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Old 07-24-2012, 04:11 PM   #6
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Perhaps you can add your experience to the following thread. Well, when you get your power back, that is.

without electricity for 48 hours now
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Old 07-24-2012, 04:25 PM   #7
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Down here we call those kinds of homes "tornado magnets".
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Old 07-24-2012, 04:56 PM   #8
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That could be a problem in part of the country. Where I am, tornadoes are unheard of.
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Old 07-24-2012, 06:47 PM   #9
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I always think mobile homes still have wheels on them, whether or not they are moved around; manufactured homes don't; modular homes are chunks of manufactured homes put together.

You can have a permanent mobile home fixture at a campground? You don't have to be able to move it? Wouldn't that be a cabin then as in the photo above? These newfangled ideas!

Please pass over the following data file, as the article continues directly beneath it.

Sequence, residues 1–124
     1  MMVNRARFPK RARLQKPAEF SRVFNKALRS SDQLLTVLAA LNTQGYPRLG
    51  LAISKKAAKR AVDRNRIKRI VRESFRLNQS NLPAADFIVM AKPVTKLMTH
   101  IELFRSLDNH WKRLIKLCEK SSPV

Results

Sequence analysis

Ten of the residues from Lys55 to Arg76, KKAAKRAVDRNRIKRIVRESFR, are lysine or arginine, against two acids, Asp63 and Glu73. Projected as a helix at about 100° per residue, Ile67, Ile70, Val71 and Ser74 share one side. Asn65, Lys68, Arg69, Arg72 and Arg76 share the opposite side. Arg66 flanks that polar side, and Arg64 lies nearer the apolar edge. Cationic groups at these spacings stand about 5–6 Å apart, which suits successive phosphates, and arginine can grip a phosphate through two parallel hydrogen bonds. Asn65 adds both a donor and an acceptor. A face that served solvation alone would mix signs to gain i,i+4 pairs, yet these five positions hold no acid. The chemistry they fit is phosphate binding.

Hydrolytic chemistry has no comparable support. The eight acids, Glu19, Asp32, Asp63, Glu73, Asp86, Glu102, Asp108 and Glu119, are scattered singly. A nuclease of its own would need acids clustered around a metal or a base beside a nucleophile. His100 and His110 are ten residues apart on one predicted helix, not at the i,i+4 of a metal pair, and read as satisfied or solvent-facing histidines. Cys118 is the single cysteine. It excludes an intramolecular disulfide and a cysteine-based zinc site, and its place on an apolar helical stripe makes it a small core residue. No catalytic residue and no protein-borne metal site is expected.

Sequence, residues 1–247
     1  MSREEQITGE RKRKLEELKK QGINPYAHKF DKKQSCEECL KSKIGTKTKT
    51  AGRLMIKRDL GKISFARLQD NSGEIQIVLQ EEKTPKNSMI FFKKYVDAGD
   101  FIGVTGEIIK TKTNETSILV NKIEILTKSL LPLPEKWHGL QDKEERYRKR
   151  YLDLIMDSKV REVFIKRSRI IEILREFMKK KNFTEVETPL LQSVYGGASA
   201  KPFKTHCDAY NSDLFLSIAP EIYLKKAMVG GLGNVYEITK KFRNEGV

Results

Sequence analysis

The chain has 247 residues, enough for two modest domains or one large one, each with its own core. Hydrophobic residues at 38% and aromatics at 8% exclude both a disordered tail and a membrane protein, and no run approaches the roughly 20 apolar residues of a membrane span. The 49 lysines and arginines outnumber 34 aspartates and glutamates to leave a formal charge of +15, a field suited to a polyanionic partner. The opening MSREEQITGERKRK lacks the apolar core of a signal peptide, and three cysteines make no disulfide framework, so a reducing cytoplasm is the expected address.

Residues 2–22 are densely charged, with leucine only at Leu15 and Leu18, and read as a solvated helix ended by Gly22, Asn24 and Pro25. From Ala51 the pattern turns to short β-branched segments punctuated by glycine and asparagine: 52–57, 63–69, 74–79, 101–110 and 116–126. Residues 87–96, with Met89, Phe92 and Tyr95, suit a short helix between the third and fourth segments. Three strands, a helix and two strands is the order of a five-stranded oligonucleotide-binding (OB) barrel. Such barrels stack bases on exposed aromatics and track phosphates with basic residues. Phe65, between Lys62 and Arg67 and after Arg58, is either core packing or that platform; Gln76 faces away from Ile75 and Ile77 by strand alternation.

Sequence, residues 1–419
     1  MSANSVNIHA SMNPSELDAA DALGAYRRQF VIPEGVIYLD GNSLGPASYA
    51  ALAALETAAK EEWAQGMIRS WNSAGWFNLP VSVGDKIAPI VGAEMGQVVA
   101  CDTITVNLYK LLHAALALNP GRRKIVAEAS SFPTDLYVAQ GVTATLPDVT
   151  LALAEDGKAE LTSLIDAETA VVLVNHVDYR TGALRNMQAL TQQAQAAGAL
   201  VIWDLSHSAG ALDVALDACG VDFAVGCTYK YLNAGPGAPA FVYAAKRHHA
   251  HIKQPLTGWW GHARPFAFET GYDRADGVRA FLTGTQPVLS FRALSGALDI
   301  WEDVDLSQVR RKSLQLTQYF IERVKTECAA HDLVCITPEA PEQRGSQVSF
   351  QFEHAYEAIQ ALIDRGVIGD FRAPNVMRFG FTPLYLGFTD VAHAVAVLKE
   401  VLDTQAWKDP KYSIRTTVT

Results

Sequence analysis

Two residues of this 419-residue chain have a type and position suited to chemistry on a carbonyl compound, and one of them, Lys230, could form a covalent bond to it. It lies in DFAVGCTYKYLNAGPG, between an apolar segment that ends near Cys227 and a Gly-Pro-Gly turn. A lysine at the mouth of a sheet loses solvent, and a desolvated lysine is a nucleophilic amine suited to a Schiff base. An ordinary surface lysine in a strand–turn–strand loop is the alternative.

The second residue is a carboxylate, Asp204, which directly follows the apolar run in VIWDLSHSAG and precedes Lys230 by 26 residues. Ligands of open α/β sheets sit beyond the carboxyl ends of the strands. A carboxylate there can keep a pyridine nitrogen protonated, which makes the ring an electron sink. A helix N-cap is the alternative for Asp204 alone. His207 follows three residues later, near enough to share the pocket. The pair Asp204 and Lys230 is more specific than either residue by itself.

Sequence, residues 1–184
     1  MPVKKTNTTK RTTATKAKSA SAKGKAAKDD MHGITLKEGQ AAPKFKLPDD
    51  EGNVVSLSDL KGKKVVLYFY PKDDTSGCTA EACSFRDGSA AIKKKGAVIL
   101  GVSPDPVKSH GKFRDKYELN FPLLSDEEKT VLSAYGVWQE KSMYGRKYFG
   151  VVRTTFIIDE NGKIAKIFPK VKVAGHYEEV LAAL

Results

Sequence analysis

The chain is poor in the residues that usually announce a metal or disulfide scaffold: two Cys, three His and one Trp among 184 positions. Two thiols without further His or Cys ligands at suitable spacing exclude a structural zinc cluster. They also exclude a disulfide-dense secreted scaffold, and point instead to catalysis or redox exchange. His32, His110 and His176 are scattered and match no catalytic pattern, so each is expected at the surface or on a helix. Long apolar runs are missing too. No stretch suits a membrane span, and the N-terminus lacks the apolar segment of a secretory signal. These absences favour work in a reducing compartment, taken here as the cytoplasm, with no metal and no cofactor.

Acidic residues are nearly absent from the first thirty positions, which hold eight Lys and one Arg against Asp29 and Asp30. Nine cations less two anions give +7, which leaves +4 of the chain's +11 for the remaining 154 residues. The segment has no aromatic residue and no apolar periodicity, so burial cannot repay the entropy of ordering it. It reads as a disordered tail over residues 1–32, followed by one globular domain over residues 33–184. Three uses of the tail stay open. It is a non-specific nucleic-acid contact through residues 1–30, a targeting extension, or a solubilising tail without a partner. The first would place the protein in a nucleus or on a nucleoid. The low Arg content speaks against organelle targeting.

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Old 07-24-2012, 07:11 PM   #10
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You can have a permanent mobile home fixture at a campground? You don't have to be able to move it? Wouldn't that be a cabin then as in the photo above? These newfangled ideas!
Yeah... We have a park model in the worlds largest family campground... 6200 units... Park models have been around since the mid 1980's. They come in on wheels, and can be moved, but hardly ever are... The newest models are quite attractive, and many are well built and insulated enough to be comfortable year round. We have an older model (1987) with a 400 s.f. add on sunroom, a 400 s.f. deck, and two 8'X8' storage sheds. Located on 110 ft of lake front. We own the land, and our total cost per year, including in ground sewer and water... is $1100 (campground dues)... plus $500 taxes and $450 insurance.